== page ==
Let us take the example of the management of a multiple-resource architecture by an organizer 2 for the performance of a set i of tasks forming a program loop i. A management means Gi j of a part j of a set or subset i of tasks is then a means of management of the execution of the part or stage j of a main or imbricated program loop i, namely a means of management hereinafter called a LAYER Gi j. The control means Ci of the LAYERS Gi j is hereinafter called a KERNEL Ci. Each of the KERNELS Ci has a different loop level I corresponding to it. There are therefore several KERNELS Ci in hierarchical levels for the imbricated loops.
For the management of the execution of the iteration number Ni of the loop i according to the initializing parameters of the loop i, the KERNEL Ci has an interaction counter iti that is initialized at the number of iterations of the loop i to be performed iti=Ni and decremented iti=iti−1 at each new iteration of the loop i. When the counter iti reaches the value 0 and as soon as the access arbitrator 27 + for access to the completion bus 27 permits access, the completion signal sender emi sends a completion signal to report the end of the processing of the loop i.
The authorization of access to the completion bus 27 delivered by the arbitrator 27 + gives the right to the use of the completion signal-conveying bus (hereinafter called a completion bus) 27 during one cycle for sending a completion signal 7. In the case of several simultaneous requests, due to the fact that each resource 6 and each KERNEL Ci that has ended its task wishes to send a completion signal 7, the authorization from the arbitrator 27 + depends on an order of priority that may be fixed.
The set of LAYERS Gi j associated with a KERNEL Ci constitutes a shift register chain. The role of the KERNEL Ci is to manage a loop i, control the associated pipeline (the chain formed by the cascade-connected LAYERS Gi j) and synchronize the LAYERS Gi j with each other. For this purpose, each KERNEL Ci has a pipeline feed mechanism ci. The set formed by the associated KERNEL Ci and LAYERS Gi j is called SEQPAR.
The information contained in each register of this chain is a state indicator e, a program address counter ad, an indicator a of the state of progress of the pipeline and a dimension indicator (not shown in the figures).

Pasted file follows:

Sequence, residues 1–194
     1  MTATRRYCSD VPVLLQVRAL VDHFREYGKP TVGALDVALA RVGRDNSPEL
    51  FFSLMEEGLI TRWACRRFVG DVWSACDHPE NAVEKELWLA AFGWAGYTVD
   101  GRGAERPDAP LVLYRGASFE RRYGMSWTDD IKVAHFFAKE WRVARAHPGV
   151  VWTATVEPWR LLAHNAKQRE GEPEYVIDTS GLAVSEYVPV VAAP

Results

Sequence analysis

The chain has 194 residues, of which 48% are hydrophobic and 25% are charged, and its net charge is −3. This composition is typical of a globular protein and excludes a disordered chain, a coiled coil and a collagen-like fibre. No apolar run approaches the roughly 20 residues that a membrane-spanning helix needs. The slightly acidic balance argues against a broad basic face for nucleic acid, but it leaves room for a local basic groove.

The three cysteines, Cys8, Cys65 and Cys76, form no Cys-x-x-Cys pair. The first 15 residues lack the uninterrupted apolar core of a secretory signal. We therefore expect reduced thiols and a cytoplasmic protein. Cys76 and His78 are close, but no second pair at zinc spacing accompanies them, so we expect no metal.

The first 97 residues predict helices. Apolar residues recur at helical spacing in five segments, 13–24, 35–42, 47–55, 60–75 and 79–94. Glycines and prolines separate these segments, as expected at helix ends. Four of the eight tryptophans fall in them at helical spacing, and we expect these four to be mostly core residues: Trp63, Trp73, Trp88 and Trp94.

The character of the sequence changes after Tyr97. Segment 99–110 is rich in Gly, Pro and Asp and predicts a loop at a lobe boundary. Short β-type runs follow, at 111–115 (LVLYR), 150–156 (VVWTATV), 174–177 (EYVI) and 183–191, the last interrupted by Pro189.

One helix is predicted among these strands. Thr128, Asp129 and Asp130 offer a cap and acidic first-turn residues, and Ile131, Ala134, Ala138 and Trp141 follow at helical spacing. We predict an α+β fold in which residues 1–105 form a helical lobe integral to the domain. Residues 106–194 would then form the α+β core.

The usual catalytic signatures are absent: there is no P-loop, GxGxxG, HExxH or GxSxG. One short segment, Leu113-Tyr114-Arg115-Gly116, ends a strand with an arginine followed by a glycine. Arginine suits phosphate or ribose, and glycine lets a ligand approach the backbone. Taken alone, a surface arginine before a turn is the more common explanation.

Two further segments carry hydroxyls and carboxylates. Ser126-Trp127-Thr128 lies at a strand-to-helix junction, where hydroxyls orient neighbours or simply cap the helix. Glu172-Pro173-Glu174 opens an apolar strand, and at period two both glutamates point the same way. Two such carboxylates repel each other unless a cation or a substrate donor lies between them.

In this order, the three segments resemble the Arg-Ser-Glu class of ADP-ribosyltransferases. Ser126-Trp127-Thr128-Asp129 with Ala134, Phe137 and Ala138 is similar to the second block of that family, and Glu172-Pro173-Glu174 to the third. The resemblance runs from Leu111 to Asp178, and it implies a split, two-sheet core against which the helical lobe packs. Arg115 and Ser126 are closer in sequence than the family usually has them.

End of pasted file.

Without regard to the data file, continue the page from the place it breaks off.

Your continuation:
The organizer 2 then comprises a set of activity registers ai j that indicate the state of progress of execution in the steps j of the loop i. Only the LAYERS Gi j validated by the number of stages Ji of the loop i can be activated.
The organizer 2 also has a set of address counters adi j that can be incremented. These counters drive each execution of a stage j of the loop i. Each LAYER Gi j manages a sequence of addresses A[j]i thus enabling the parallel execution of the stages j of the loop i. Within a LAYER Gi j, the running of the program is done by incrementation of the address counter adi j=adi j+1. The incrementation of the address counter adi j=adi j+1 is then done during the sending of the signal 3 containing the address A[j]i of the counter adi j; to the program address bus 23. The basic address A0i initializes the address counter adi 0=A0i of the first LAYER Gi 0, the address counters adi j of the other LAYERS Gi j are initialized by the address A[j−1]i contained in the address counter adi j−1 of the previous LAYER Gi j−1 at the beginning of the new iteration.
The state indicator ei j indicates whether the LAYER Gi j is idle, in sending mode, on standby or at end of processing. When a LAYER Gi j is active and its state register ei j is sending, the arbitrator 23 + of the address bus 23 notes a request for access to this bus 23 for this LAYER Gi j.
The authorization of access to the completion bus 23 delivered by the arbitrator 23 + gives the right to the use of the address bus 23 so long as the requester maintains his request. In the case of several simultaneous requests, due to the fact that each LAYER Gi j may wish to send a completion signal 3, the authorization from the arbitrator 23 − depends on an order of priority that may be fixed.
(Observation mode) When a LAYER Gi j is active and its state register ei j is in the standby state, the completion detector di j of this LAYER Gi j observes the completion signals 7 sent on the completion bus 27 by the completion signal senders emi of the KERNELS Ci of the organizer 2 and the resources. When the completion signal 7 received corresponds to the awaited completion code, the state register ei j of the LAYER Gi j comes out of the standby state.
(Memorization mode) When a completion signal 7 is received by the completion detector di j of the LAYER Gi j while its state register ei j is not in a standby state, the completion detector di j memorizes the completion signal 7 received to take it into account when the state register ei j goes into a standby state.
When all the LAYERS Gi j of a KERNEL Ci have their state registers ei j at the “end” of processing, the pipeline feed mechanism ci activates the shifting of the registers of the chain associated with this KERNEL Ci according to the clock signal 29 given by this KERNEL Ci and decrements the iteration counter iti of this KERNEL Ci. The contents of a register are therefore passed on to the next LAYER Gi j+1 when the pipeline i (the shift register string associated with the KERNEL Ci) moves forward.
The execution of the program loop i can thus be managed by making the data addressing information (contained in the dimension indicator register which is not shown) and the program adi j+1=adi j follow on throughout this chain. This information may thus also be specific to a given recurrence (multimode programming). Consequently, the codes linked to an iteration are necessarily sequential. Once the basic address A0i has been addressed, the organizer 2 controls all the operations of execution without external intervention.